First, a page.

Convention Definition

"Species" means any species, subspecies, or geographically separate population thereof;

Convention on International Trade of Endangered Species of Wild Fauna and Flora (CITES) Article 1, Use of Terms 1

Scientific Definition: Biological Species Concept

Groups of actually or potentially interbreeding natural populations, which are reproductively isolated from other such groups.

Mayr 1942 2


  1. Notes on definition
  2. Further definitions
  3. Key points
  4. Introduction
  5. The species problem
  6. Defining and recording species
  7. Naming convention (nomenclature)
  8. Species richness
  9. Conservation relevance: Implication of classification
  10. Conservation relevance: Flagship species
  11. Conventions
  12. Species and the Strategic Plan for Biodiversity

Notes on definition

The CITES definition is a legal clarification for the purposes of the Convention and is therefore not specifically a definition of a species 2. A species is, by definition, not a subspecies or a population. In subsequent documents CITES states that their use of the term species refers to the ‘biological species concept’ 3.

Further definitions

Biological species concept in more detail 

An interbreeding group of organisms that is reproductively isolated from all other organisms, although there are many partial exceptions to this rule in particular taxa. Operationally, the term species is a generally agreed fundamental taxonomic unit, based on morphological or genetic similarity, that once described and accepted is associated with a unique scientific name.

Millennium Ecosystem Assessment: Ecosystems and Human Wellbeing, Volume 1, Current State and Trends. 5

Key points


The concept of species allows us to identify and quantify the wildlife we see around us. The use of species as a unit of quantification provides a way of understanding the diversity of the world around us. It also provides a way of recording its loss. Scientifically, species have a specific nomenclature which provides clarity on what is being discussed. Conservation often focuses on the species level and there are two international Multilateral Environmental Agreements which are particularly focused on the species level.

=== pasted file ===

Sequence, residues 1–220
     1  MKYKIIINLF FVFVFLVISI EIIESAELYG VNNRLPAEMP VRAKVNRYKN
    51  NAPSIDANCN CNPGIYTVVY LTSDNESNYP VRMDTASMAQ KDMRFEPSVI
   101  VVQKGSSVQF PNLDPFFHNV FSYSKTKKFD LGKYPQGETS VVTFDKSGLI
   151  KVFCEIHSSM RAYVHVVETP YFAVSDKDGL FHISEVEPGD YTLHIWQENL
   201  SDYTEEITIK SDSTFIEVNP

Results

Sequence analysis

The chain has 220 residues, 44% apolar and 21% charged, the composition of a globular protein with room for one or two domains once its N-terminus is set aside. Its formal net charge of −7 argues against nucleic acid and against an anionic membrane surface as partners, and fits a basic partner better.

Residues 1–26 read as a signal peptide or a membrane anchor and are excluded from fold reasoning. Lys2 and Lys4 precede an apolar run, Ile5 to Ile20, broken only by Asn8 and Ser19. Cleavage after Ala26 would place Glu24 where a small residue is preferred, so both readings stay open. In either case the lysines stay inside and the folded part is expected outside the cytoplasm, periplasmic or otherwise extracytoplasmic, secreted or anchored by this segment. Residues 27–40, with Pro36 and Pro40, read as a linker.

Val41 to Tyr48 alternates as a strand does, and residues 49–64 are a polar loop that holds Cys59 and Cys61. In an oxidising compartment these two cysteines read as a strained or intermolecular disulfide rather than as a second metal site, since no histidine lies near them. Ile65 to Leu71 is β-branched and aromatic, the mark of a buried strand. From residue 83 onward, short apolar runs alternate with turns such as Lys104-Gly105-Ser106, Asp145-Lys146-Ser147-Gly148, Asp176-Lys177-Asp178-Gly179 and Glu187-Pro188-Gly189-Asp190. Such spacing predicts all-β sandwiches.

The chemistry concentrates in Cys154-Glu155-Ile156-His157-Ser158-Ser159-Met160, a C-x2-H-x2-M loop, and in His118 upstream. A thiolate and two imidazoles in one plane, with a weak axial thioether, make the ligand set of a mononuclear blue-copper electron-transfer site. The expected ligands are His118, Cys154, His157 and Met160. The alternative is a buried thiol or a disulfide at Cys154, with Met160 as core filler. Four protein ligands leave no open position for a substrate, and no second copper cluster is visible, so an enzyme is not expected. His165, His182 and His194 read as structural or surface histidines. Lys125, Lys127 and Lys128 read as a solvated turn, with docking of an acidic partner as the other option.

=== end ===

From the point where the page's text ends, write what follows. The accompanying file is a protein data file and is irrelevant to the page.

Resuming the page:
The species problem

There is considerable debate in the scientific literature of what constitutes a species. This is a separate issue from the taxonomic naming mechanism. The debate around the definition of a species is sometimes known as the 'species problem'. There are numerous concepts of how species should be defined include the morphological species concept, evolutionary species concept, genetic species concept, phenetic species concept, reproductive competition concept and the taxonomic species concept 6. Originally articulated by Ernst Mayr, one of the most commonly used definitions 7 follows the biological species concept and defines species as “groups of actually or potentially interbreeding natural populations, which are reproductively isolated from other such groups” 4. The Convention on International Trade in Endangered Species of Wild Fauna and Flora (CITES) highlight that the use of species and subspecies refers to the biological species concept 3 and is broadly based on this idea of reproductive isolation. Many issues, such as how to classify asexual species 8 or those only known from the fossil record 9, are primarily relevant to taxonomy.

Defining and recording species

Taxonomy is a formal mechanism of classifying life, which arose in the 18th Century with Carl Linnaeus. Species are one level in the hierarchical taxonomic structure. In this structure the highest level is ‘domain’ following in descending order towards species and sub-species:

  • domain
  • kingdom
  • phylum
  • class
  • order
  • family
  • genus
  • species
  • sub-species 10.

The benefit of a classification system is that it allows the application of known information about one taxon (species) to provide predictions about other species which are new to science or about which there is very little information 11.

Naming convention (nomenclature)

Formal nomenclature provides a mechanism to communicate between scientists, lawyers, governments, companies and individuals about a particular species without confusion related to multiple common names and the pitfalls of translation 11.